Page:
Concerned about your child's development?

Here is our 3 step guide of what to do if you have concerns about your child's development:

1. Complete the M-CHAT-R/F

Start by completing the Modified Checklist for Autism in Toddlers, Revised, with Follow-Up (M-CHAT-R/F). If your child screens positive on the M-CHAT-R/F, it is strongly recommended that your child is referred for early intervention and diagnostic testing as soon as possible. You may consider discussing this with your child's GP, paediatrician or child health nurse. If the healthcare provider or parent has concerns about Autism Spectrum Disorder, your child should be referred for further evaluation regardless of the score on the M-CHAT-R or M-CHAT-R/F.

To take the test, follow this link: M-CHAT-R/F

2. Know the Developmental Milestones

Developmental milestones are things most children can do by a certain age. These milestones are a useful guide for tracking your child's development and include physical development, emotional development, cognitive development, language development and social development. The Early Years Learning Framework which has been developed by Community Child Care Co-operative Ltd NSW (CCCC) for the Department of Education. It provides examples of development from birth to 5 years of age. You can use this reference as a source of information (rather than as a prescriptive checklist) to track your child's development across the different domains of development.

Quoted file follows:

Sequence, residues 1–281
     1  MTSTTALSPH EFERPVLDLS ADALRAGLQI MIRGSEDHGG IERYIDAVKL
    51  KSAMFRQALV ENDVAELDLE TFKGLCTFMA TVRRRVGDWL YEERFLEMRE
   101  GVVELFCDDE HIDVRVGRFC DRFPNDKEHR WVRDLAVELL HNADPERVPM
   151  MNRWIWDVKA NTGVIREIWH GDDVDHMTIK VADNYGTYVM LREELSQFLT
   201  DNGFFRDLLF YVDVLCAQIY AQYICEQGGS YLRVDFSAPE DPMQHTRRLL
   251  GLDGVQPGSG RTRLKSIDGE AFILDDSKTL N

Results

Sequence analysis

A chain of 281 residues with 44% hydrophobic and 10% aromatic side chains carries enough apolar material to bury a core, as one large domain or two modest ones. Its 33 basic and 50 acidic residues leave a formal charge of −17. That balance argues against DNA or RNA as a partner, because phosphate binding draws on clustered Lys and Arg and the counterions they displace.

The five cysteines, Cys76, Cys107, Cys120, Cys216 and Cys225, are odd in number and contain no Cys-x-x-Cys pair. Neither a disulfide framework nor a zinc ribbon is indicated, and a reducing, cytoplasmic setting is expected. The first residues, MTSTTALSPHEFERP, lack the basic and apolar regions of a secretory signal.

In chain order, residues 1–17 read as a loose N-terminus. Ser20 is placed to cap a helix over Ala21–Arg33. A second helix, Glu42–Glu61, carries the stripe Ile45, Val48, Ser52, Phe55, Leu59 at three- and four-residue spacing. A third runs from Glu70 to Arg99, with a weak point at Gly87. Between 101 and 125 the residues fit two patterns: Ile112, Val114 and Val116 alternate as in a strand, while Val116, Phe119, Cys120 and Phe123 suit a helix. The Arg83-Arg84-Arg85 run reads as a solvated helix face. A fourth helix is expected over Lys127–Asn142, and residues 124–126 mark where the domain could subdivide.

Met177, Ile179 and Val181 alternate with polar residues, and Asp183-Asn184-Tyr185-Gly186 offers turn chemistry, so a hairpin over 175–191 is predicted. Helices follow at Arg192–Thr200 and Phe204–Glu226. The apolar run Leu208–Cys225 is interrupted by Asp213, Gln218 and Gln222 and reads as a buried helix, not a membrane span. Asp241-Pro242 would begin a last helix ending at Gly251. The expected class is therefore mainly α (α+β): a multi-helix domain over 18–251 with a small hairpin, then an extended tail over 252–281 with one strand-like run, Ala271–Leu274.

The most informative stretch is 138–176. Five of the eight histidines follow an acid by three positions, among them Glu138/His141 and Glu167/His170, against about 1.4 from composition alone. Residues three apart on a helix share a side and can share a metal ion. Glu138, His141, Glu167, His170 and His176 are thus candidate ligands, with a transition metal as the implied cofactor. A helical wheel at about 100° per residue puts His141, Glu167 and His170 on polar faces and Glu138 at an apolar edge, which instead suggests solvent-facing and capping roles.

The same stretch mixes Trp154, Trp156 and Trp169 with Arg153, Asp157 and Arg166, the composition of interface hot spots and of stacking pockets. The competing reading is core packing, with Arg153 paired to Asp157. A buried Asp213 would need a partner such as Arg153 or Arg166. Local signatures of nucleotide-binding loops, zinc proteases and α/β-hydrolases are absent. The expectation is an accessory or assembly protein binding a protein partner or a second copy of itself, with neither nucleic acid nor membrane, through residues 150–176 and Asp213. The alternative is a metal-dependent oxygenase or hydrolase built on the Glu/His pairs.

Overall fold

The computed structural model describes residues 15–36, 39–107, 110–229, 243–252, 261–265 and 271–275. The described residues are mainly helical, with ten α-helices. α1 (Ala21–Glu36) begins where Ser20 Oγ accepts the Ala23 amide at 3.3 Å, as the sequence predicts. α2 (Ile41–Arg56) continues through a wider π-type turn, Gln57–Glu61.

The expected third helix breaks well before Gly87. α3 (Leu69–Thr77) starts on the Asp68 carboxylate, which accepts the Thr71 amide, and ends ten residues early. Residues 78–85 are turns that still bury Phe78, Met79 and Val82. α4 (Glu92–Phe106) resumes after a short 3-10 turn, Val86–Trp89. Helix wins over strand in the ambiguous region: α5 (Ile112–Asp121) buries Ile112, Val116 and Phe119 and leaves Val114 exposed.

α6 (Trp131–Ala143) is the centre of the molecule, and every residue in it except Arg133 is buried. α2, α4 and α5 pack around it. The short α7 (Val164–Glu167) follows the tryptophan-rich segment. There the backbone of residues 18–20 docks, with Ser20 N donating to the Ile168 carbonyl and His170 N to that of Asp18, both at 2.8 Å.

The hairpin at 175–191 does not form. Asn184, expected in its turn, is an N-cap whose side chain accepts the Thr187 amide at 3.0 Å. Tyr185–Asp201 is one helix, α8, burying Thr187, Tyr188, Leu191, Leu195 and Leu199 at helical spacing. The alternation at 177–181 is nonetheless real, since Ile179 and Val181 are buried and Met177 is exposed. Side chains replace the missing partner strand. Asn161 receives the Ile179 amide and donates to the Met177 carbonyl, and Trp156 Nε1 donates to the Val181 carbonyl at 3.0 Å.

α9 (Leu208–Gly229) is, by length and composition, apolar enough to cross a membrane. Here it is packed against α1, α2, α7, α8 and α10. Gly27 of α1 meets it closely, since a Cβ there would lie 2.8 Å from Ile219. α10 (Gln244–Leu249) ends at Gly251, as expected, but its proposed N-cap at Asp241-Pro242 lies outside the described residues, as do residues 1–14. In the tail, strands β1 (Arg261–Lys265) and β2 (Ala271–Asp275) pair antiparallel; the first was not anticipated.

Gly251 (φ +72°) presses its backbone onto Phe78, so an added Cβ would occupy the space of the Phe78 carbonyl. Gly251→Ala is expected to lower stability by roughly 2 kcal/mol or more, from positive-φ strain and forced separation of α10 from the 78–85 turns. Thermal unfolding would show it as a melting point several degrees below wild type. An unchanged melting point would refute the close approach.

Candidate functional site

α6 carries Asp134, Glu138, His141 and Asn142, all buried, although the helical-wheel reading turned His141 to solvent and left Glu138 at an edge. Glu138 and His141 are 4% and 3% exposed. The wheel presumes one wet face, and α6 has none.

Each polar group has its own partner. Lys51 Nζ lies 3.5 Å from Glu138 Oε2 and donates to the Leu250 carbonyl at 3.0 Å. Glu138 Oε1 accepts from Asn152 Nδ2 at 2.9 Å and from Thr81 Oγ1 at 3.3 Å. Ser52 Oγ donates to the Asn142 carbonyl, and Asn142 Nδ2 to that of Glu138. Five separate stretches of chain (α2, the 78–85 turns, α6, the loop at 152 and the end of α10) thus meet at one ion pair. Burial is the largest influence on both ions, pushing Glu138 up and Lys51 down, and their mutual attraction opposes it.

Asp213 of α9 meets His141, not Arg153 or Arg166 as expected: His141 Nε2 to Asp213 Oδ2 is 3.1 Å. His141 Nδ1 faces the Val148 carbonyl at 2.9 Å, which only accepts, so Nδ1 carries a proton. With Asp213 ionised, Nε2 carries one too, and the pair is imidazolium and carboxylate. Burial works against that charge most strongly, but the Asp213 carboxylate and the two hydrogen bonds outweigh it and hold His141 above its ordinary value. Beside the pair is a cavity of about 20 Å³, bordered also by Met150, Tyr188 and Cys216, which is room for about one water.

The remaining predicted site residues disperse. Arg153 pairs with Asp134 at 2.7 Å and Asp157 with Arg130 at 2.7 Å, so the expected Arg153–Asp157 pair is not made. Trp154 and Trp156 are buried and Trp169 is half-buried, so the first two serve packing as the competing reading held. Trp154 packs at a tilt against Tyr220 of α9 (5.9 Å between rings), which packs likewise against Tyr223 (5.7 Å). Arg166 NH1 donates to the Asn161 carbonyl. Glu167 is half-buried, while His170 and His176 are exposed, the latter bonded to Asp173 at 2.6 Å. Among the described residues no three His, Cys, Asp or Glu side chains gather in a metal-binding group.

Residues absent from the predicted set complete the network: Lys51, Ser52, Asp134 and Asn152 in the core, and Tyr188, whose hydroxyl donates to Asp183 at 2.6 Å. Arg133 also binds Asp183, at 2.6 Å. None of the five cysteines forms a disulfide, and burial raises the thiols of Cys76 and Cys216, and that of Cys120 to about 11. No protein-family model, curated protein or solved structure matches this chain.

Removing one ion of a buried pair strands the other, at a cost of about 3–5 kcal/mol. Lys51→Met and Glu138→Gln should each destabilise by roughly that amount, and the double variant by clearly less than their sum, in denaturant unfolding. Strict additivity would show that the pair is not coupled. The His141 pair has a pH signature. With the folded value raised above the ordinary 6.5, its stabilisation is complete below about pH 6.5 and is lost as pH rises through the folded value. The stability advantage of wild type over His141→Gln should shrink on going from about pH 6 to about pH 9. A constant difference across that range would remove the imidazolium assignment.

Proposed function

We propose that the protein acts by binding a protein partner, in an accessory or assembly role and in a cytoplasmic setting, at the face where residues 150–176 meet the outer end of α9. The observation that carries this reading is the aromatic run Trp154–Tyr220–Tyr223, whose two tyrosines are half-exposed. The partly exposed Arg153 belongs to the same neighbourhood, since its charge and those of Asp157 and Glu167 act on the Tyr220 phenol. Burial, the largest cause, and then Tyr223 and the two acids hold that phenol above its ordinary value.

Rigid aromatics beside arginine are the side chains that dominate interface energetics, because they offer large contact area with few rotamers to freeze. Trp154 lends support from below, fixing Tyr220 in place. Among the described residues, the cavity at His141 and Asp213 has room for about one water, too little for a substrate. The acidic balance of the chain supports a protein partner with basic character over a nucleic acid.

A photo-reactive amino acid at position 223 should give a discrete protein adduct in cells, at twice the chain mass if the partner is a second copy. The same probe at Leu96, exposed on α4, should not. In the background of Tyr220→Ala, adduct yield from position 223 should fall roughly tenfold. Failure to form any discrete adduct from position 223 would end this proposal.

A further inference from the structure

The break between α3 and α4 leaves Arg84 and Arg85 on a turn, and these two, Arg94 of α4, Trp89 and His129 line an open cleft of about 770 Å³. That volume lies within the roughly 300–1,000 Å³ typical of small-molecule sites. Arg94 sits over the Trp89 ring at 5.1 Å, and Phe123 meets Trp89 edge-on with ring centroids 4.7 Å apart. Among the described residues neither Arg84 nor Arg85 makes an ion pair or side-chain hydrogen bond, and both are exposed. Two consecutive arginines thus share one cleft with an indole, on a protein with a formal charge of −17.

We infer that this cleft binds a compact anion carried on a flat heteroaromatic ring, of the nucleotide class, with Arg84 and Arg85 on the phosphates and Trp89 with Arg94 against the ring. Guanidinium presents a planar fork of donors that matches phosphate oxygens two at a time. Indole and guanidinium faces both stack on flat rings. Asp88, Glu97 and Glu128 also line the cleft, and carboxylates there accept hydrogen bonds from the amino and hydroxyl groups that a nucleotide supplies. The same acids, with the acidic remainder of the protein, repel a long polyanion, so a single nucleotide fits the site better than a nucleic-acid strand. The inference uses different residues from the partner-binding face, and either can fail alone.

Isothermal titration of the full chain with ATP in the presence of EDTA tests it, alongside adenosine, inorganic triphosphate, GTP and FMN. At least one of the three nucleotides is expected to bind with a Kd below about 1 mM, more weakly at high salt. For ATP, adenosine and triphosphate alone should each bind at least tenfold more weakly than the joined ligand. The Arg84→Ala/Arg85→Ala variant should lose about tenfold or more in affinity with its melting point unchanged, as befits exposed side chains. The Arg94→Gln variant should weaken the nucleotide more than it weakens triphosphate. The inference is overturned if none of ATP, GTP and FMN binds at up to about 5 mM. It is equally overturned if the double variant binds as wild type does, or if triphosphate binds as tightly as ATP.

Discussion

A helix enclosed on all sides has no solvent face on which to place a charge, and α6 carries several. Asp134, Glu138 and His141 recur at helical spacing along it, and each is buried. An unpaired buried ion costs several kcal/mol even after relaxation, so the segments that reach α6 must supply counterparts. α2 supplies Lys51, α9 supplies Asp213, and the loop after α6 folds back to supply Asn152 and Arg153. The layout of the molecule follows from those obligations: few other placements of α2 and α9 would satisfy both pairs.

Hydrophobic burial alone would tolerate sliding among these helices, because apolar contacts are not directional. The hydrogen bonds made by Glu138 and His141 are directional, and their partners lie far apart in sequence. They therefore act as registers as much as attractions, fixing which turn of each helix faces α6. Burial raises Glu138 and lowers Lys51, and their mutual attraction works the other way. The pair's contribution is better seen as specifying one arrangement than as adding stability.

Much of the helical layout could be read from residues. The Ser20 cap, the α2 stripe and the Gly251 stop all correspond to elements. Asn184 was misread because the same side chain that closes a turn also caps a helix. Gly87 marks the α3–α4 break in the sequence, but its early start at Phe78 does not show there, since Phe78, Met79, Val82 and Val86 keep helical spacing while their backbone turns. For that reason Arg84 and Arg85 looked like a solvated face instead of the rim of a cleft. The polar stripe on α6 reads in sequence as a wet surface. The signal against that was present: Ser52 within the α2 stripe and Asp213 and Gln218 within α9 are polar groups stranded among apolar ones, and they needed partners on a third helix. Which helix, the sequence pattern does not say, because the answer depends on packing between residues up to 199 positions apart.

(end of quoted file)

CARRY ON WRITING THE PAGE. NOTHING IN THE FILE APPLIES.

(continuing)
To review the Early Years Learning Framework (EYLF) click here

3. Learn about Applied Behaviour Analysis (ABA)

Applied Behaviour Analysis (ABA) is the science of human behaviour. Programs are designed, implemented, and evaluated systematically to improve behaviours that are important to society and the individual. It can be applied in a variety of contexts (such as home and school) and can be used to teach skills to any learner! It is particularly effective for young children with Autism Spectrum Disorder (ASD) but isn't used exclusively with this population. If you do have concerns about your child's development, there are many evidence based strategies that we can use to teach them the skills that they need to learn.

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